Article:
Don’t try to drain your water heater or test the temperature and pressure valve yourself. These need to be done professionally. If the valve is not properly removed, the pressure from the tank can disperse scalding hot water that could cause serious burns as well as property damage.

For help with plumbing problems, contact Greater Boston Plumbing and Heating.

Today.com

Stupid Things that Ruin Plumbing – Worcester, Boston

25 Mar 2014

We will always need plumbing, or more specifically, working plumbing, but unfortunately people will always do stupid things that causes plumbing problems and stops it from working. Here are the top 10 stupid things that people do to ruin their plumbing.

1: Leaving hoses connected during winter.

This is a classic plumbing error that one must assume is caused most often by extreme laziness. Hoses can cause damage when left out all year: they can lead to freezing of the outdoor faucet or its water supply pipe. It’s terrible for your hose, too.

2: Using vent pipes for anything other than venting.

There are reports of homeowners running things like TV cables down the plumbing vent pipes that come up through their roofs. Seems like a tempting solution to getting into the house, but vent pipes aren’t just there for their bad looks. They not only provide air to drains inside the house, to prevent a suction effect that inhibits drainage; they also get rid of sewer gases that come up from the city’s sewer main. If you cut a hole in your vent inside the house to run a cable through, you’re tapping into an endless supply of your neighborhood’s sewer air.

3. Using too much drain cleaner.

When used judiciously and as directed on the right kind of clog, drain cleaners can be effective and relatively safe for drains. When used with abandon, they can corrode some drain materials, and they can actually make clogs worse. It’s also not very nice for the plumber who eventually comes out to clear that clog.

4. Pouring chemicals (and other bad stuff) into a septic system.

If you’re used to living with a “private” sewage system, you probably know how to take care of it. But if you just bought a house with septic you might not think twice about using chemicals like drain cleaner, chlorine bleach, paint and even anti-bacterial soaps. These chemicals kill the essential waste-eating bacteria in the septic tank, and you can guess the result.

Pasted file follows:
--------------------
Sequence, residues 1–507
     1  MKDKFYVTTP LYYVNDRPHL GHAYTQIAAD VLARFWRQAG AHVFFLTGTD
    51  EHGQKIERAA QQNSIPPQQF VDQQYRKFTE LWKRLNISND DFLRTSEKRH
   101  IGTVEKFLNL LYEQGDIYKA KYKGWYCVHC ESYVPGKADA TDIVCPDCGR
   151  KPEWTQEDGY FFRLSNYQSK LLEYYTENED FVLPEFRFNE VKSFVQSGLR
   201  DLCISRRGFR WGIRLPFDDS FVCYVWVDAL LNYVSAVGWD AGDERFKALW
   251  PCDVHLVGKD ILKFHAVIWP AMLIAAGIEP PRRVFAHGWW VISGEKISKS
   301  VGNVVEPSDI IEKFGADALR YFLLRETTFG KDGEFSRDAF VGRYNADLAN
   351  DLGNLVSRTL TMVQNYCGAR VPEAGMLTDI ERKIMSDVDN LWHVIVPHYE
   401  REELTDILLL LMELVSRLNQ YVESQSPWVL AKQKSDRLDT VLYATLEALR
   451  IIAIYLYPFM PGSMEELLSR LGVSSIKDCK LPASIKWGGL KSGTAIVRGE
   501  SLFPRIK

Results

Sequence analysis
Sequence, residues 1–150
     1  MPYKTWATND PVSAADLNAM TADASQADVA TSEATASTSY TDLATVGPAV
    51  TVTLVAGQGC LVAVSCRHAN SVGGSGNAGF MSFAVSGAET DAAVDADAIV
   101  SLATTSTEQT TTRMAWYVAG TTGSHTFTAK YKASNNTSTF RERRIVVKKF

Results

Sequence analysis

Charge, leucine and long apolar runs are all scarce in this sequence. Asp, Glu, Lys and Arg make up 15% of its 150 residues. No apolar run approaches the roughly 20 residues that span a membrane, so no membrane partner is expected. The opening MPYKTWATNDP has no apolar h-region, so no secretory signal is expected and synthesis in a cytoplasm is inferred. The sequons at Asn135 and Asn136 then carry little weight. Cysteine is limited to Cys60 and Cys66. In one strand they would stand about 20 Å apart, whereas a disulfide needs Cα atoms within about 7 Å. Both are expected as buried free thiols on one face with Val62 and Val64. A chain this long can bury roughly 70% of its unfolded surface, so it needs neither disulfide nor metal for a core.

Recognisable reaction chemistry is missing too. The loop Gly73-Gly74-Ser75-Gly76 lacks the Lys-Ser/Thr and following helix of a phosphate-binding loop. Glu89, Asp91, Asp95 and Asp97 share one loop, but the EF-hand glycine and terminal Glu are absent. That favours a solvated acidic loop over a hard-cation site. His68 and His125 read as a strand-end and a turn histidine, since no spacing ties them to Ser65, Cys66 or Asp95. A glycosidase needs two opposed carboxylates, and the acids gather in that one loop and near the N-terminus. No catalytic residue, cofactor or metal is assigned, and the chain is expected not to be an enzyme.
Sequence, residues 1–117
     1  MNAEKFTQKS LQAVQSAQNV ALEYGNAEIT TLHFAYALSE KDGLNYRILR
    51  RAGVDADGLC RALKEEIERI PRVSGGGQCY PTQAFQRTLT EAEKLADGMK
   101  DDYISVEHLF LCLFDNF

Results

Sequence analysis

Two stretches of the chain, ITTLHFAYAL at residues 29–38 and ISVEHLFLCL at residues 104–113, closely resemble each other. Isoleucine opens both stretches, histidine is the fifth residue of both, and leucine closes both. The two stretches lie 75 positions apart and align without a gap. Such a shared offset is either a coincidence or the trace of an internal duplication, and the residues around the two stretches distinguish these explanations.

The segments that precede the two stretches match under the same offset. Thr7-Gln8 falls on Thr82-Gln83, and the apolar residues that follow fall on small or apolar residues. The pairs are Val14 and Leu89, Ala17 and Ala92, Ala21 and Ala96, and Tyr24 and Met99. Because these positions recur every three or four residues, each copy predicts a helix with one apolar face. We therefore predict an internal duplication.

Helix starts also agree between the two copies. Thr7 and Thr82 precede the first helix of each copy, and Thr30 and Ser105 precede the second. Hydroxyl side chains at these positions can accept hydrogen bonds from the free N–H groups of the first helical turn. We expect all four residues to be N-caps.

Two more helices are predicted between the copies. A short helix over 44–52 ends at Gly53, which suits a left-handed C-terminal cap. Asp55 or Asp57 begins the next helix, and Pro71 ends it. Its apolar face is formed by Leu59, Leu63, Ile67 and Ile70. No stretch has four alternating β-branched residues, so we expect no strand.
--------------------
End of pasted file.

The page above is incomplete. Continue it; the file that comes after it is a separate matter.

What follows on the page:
5: Screwing, nailing or cutting into a wall with hidden plumbing pipes.

This kind of speaks for itself.

6: Joining two different metals in piping.

DIY plumbers beware: When dissimilar metals, such as copper and steel, are touching, a process called galvanic action leads to corrosion. Corrosion leads to leaking pipes. Such joints must be made with a dielectric union or other approved fitting.

7: Pouring grease down the kitchen drain.

If you’re in the habit of pouring bacon grease down the kitchen-sink drain, you might as well try to stuff the whole pig down there. Grease is one of the best things for clogging drains.

8: Putting everything else down the kitchen drain.

A garbage disposal does very little to stop the following from clogging your drain: flour, rice, potato peels (and some other veggie peels) and many fibrous foods such as asparagus and chard.

9: Removing a sink drain.

This is not a common stupid mistake, but it warrants mention here. Some very well-meaning folks who want to green their everyday lives have been known to remove the P-trap and other drain parts underneath their bathroom sink so that the wastewater could be collected in a bucket and used to water plants outdoors. While the use of gray water is the jurisdiction of the local health department, the issue in this humble missive is the 1 1/2-INCH HOLE PUMPING SEWER GAS INTO THE BATHROOM. You have to plug that drain pipe.

10: Using the toilet as a trash can.

It’s as though, at the back of our minds, each of us believes that if we can just get it to flush away, it will be magically out of our lives forever. Unfortunately, the toilet leads to a 3-inch drain pipe that leads into another drain pipe, which is THE drain pipe to your entire house. In other words, flushing one improper item down the toilet ultimately can stop up everything in the house. The bottom line is, if it isn’t toilet paper or waste, don’t flush it.

For plumbing help, contact Greater Boston Plumbing and Heating.

Networx.com